We follow hedge fund managers because they're the smartest investors around. They leave less to chance than do most investors. They go to great lengths to get an “edge” over ordinary investors. Hedge fund managers also have the resources to do extensive research on public companies and they have access to experts who can guide them. We believe we are more likely to beat the market by imitating insiders and hedge funds than trading against them.
We like the oil and natural gas industry and believe that these stocks provide protection against inflation. We also think that the high growth rates in emerging markets provide a support under these industries. Investors should consider getting exposed to these sectors both as a growth play and an inflation play. In this article we excluded mega-cap oil stocks like XOM and focused on relatively smaller stocks. Based on the transactions of nearly 350 hedge funds compiled by us, we present the list of top 10 oil and gas stocks that hedge funds are buying like crazy:
- Marathon Oil (NYSE:MRO): More hedge funds (of the more than 350 that we track) own Marathon than any other oil and gas stock. Sixty-nine hedge funds had it in their portfolios in Q2. The stock returned 22% year to date. Eric Mindich's Eton Park Capital had the biggest interest in MRO in Q2, with nearly 5.5 million shares. That figure is after the 62% increase in their position last quarter.
- Williams (NYSE:WMB): Fifty-one hedge funds had Williams in their portfolios as of the end of June. The stock returned 11% so far this year. Jeffrey Tannenbaum's Fir Tree Capital increased their position by 31% last quarter. The firm had 7.3 million shares of WMB at the end of Q2.
- Schlumberger (NYSE:SLB): SLB is one of the four losers in this list. It's lost nearly 6% so far this year, and the 49 hedge funds that had it in their portfolios in the second quarter probably aren't happy about it. Ken Fisher's Fisher Asset Management has the most shares of this among the more than 350 hedge funds we track. The firm had nearly twice the amount as the next guy, with more than 8 million shares at the end of June.
- Halliburton (NYSE:HAL): Halliburton is on the plus side, returning more than 9% year to date. Forty-two hedge funds had in their portfolios in Q2. Ken Griffin's Citadel reduced their position by 17% last quarter. They had slightly more than 2 million shares of HAL at the end of the second quarter.
- Ensco (NYSE:ESV): Ensco was in 41 hedge funds in the second quarter. The stock has lost more than 8% year to date. David Einhorn's Greenlight Capital reduced their position in ESV by 4% last quarter. Greenlight had a bit more than 4.2 million shares, Q2 files show.
- El Paso (EP): Thirty-eight hedge funds had El Paso in their portfolios in the second quarter. El Paso has performed very well recently, returning 40% year to date. Dan Loeb's Third Point increased their position by 18% last quarter, giving them 13 million shares total. Third Point and Barry Rosenstein's Jana Partners have the most of EP, with Jana at about 24 million shares.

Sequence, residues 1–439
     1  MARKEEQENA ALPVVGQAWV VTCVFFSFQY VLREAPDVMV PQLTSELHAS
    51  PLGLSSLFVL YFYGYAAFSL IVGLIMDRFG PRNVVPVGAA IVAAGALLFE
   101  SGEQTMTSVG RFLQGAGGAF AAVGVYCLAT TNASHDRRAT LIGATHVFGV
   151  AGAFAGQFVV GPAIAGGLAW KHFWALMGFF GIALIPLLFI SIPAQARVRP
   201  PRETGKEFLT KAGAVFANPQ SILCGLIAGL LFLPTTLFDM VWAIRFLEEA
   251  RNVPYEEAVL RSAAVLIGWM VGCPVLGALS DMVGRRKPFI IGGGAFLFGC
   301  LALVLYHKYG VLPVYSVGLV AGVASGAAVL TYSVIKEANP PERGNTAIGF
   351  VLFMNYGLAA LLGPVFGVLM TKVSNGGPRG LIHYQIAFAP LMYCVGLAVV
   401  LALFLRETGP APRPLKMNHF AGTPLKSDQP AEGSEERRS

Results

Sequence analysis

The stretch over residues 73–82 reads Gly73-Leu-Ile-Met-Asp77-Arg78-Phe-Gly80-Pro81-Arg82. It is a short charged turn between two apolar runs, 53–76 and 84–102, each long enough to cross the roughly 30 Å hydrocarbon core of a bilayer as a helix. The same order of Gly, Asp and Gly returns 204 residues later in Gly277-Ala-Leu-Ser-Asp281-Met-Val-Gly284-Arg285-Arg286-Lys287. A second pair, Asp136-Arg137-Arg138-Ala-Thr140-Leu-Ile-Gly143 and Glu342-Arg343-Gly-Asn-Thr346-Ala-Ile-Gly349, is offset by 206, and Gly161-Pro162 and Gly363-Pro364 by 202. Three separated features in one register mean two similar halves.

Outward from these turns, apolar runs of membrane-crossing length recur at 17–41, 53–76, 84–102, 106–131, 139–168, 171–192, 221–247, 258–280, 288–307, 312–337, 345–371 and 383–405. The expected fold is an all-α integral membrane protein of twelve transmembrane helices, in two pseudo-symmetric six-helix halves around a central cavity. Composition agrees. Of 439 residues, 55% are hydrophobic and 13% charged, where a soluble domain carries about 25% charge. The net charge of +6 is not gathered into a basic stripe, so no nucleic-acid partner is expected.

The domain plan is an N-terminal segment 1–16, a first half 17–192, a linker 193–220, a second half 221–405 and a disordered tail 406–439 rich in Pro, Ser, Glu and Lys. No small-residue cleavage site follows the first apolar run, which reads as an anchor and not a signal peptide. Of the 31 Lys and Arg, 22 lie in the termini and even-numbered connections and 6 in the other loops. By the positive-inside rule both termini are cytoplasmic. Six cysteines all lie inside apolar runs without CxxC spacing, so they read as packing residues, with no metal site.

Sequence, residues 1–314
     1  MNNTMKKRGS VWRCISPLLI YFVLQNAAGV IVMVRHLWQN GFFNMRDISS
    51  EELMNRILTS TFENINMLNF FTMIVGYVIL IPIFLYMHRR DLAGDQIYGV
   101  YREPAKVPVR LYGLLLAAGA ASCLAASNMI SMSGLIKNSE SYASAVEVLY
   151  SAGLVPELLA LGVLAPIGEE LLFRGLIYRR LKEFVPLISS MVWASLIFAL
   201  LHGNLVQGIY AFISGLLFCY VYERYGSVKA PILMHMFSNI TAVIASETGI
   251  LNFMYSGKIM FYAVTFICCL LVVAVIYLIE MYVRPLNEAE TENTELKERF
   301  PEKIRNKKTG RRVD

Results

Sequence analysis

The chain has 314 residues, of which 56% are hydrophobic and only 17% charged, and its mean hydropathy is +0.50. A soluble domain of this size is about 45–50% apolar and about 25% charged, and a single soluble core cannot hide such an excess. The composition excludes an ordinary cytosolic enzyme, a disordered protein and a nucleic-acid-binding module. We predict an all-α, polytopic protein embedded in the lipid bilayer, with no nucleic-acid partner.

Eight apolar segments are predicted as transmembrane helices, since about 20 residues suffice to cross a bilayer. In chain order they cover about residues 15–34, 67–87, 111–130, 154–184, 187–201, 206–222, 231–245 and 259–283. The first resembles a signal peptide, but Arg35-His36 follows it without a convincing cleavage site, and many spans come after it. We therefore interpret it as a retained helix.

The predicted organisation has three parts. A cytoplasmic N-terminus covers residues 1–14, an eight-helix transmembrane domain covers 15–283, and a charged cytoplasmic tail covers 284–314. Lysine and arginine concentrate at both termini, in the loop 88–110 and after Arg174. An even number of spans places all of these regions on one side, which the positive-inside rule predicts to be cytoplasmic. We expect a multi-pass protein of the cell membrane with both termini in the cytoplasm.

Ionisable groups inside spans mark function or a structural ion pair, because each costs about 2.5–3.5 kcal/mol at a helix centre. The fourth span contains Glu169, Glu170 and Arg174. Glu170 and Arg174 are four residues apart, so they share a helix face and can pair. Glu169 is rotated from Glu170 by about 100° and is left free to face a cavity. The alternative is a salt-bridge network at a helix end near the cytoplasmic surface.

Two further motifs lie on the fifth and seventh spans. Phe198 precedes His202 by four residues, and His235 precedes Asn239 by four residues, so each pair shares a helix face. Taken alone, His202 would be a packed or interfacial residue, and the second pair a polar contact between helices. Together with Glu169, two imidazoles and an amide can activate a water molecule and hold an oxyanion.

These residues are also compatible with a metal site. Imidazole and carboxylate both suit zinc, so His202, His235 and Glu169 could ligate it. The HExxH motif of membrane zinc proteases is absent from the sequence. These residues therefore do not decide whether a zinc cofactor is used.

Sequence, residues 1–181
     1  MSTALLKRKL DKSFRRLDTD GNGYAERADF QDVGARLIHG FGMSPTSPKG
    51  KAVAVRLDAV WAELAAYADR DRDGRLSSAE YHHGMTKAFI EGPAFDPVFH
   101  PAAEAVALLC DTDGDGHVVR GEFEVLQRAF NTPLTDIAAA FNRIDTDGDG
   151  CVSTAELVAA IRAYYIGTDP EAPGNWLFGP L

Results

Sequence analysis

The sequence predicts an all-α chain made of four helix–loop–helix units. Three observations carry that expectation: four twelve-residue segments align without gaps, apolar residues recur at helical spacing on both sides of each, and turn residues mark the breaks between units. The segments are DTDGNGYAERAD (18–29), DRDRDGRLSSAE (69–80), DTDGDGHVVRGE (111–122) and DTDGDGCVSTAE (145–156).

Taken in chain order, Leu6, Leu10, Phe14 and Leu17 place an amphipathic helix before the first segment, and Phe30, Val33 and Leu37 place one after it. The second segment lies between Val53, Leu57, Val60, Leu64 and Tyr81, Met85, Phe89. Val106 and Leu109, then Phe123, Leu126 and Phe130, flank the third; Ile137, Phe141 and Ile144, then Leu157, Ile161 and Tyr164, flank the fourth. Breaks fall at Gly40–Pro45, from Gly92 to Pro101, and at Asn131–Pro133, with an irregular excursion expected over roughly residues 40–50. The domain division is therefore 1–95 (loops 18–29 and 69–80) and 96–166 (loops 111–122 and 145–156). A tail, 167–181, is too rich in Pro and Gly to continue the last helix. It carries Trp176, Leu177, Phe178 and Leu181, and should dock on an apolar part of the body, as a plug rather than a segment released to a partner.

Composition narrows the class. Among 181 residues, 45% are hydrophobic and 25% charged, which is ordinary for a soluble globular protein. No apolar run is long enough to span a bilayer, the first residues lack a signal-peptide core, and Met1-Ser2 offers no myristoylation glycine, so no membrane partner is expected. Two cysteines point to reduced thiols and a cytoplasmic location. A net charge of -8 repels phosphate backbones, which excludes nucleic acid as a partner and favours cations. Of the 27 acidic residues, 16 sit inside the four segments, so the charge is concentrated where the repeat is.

- CVR Energy (NYSE:CVI): CVI was in the portfolios of 34 hedge funds in Q2. The stock's return so far this year is stunning- 88%. David Tepper's Appaloosa Management had more of CVR than any other hedge fund we track at the end of Q2. The firm had increased their position by 371% last quarter, giving them 7.3 million shares.
- Valero Energy (NYSE:VLO): The company has lost just slightly less than the S&P year to date, at 1%. S&P has lost 3% so far this year. Valero was in thirty-four hedge funds' portfolios in the second quarter. Israel Englander's Millennium Management increased their position in VLO by 150% last quarter, which gave them about 1.5 million shares.
- Baker Hughes (BHI): The stock beat the S&P's 3% loss year to date, returning 8%. Thirty-three hedge funds had BHI in their portfolios in Q2. Ken Heebner's Capital Growth Management decreased their position by 18% in Q2, a move that resulted in them having about 1.5 million shares (check out Ken Heebner’s favorite stocks).
- Hess (NYSE:HES): Hess was the biggest loser here, losing much more than the S&P did year to date. HES has so far lost 22% this year. Thirty-three hedge funds had a position in HES in the second quarter. Clint Carlson's Carlson Capital initiated a position in HES in Q2, with 700K shares.
These stocks have just skyrocketed this year, especially when compared to the S&P. These 10 stocks averaged a return of 14% year to date, compared to the S&P's loss of 3%.
Disclosure: I have no positions in any stocks mentioned, and no plans to initiate any positions within the next 72 hours.